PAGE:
They don’t. Well, at least between 70-80% of travel blogs don’t make money.
I’m literally learning this as I write. I’ve never monetized a travel blog, including this one. This travel blog, ImperfectPlan.com has never earned a penny since I started it 3 years ago. In fact, I’ve sunk money into it (it’s cost me money). I write this blog simply because I love keeping the memories of my travels. Nobody has ever given me any money for any reason with regards to a blog. I can’t say this won’t change in the future, maybe it will, but I’ve been happy so far just having a fun blog.
Personally, I don’t blog for money. As I mentioned before, I’m a programmer by trade. I make programs and applications for a living.
How travel blogs make money
From my research online, here’s what I’ve learned about the different ways to make money from travel blogging. I’ll also include my opinions of each option.
Sponsored content: Someone pays you to write content about their product or service. Sometimes you’ll write on your own website and sometimes you’ll write on their website.
My opinion: If someone is legitimate in offering decent products, then Sponsored Content is a reasonable way to earn money from travel blogging. Granted, it would make me skeptical of the integrity of the blog if it was discovered that they were earning money without making it publicly known.
Affiliate Sales: Getting a kickback, a commission, for suggesting a product/service.
My opinion: I don’t mind affiliate sales as a way to monetize a travel blog, as long as the products are used by the reviewer (for real testing) and reviewed directly by the blogger. That is important, otherwise it’s just spam.
eBooks and Digital Products: Selling digital products on your website or blog.
My opinion: This is a tough one. I feel like there’s very few digital products that can be made by a travel blogger that can actually provide value. As I wrote in the past, selling the dream of traveling, in my opinion, is unethical.
Social Media & Blog Management: Getting paid to manage someone else’s blog, website, or social media content.
My opinion: Management can include content creation. I support that, as long as it’s legitimate and good quality reviews. I hate spam.
In-Content Ads: Text and image links to products that other people sell.
My Opinion: I don’t like in-content ads. It feels too spammy. People wanted to read about an experience, they probably didn’t want to buy something. In very rare cases, if ever, would I approve of in-content ads. Someone must really be a high-level authority figure in a travel space in order to get away with putting advertisements in content.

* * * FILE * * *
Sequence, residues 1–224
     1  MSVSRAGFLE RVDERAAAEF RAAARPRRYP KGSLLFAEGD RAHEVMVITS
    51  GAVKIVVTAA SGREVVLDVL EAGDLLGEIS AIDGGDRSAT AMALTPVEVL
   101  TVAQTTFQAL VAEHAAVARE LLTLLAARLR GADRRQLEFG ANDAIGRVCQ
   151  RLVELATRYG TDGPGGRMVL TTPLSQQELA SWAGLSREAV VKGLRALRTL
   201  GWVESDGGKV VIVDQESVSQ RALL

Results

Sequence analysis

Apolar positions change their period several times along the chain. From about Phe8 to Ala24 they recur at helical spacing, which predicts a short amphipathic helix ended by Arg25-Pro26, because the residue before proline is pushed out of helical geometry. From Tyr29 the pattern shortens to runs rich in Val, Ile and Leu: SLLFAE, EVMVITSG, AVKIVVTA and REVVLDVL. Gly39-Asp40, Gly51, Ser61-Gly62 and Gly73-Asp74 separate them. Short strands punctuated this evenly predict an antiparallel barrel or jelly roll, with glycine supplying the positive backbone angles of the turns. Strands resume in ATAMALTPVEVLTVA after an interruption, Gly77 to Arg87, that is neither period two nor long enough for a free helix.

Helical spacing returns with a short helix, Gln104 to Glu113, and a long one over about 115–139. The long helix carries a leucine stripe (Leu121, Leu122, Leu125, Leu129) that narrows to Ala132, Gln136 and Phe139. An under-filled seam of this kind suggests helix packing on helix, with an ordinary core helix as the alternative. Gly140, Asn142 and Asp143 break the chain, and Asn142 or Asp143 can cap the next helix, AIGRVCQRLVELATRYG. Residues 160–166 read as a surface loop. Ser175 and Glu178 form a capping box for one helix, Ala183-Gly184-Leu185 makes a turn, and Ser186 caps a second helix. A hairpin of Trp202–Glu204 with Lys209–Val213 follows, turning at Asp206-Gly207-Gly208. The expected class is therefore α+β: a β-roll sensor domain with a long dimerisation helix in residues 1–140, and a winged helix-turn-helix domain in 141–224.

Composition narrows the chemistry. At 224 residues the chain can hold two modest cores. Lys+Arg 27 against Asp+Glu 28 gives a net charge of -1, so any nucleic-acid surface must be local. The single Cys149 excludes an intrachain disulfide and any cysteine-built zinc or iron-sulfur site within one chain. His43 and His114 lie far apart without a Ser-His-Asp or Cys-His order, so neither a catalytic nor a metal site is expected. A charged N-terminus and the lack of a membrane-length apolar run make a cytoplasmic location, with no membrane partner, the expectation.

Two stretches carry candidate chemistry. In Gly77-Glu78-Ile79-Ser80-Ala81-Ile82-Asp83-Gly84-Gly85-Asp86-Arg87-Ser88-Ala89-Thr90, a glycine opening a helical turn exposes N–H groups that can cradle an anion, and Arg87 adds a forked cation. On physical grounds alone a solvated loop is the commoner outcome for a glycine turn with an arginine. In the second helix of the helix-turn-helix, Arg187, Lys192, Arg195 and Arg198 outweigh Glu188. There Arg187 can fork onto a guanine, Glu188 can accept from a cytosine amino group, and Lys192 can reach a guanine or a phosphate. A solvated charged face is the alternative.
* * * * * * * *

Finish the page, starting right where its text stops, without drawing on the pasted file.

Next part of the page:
Hosted Twitter Chats: Brand companies pay you to host their twitter chats and conversations about their products.
My opinion: Honestly, this seems kinda stupid. I would question the integrity of a traveler that’s willing to go as far as to host a product “conversation”. It seems too obvious that the person is getting paid to “talk to other people” about a specific brand or product.
Sponsored social media: A company pays you to suggest, mention or review their products on your social media account.
My opinion: This makes sense and sounds reasonable as long it’s published that the advertisement is sponsored.
Press Trips: A government organization, tourist board or tourism company asks you to visit their country to write about your experience.
My opinion: I like this option the most. Granted, its obvious why…the writer is getting paid to do what they love. However, honest reviews are integral here. As long as the final write-up or review is legitimate and not just aimed at selling the destination then it sounds good to me.
My conclusion to making money from travel blogging
I don’t see any problem with a blogger making money. In fact, I believe that it’s necessary and deserved. However, when travel bloggers don’t disclose that a review or recommendation has been paid for, I believe that’s unethical.
From what I see online, the top travel bloggers are usually fair about disclosing when content is paid for or sponsored. I like that. For me, if I ever choose to monetize this blog, I would absolutely disclose any compensation I received for advertising.
Which option would I choose? I have no idea.
At this point, I don’t know which option I would choose for monetizing a travel blog. Honestly, I don’t really care. I’m more concerned with writing just to keep my memories of my experiences. I’m not in this to make money. And that’s probably clear, because this blog isn’t as fancy as the top travel blogs. But that’s ok for me.
For others reading this, I think it requires a lot of analysis regarding weighing the different options and seeing how feasible each option is for a specific blogger. Maybe one option is good for one blogger, but not good for another blogger.
Anyway, I’m off to sleep. Safe travels!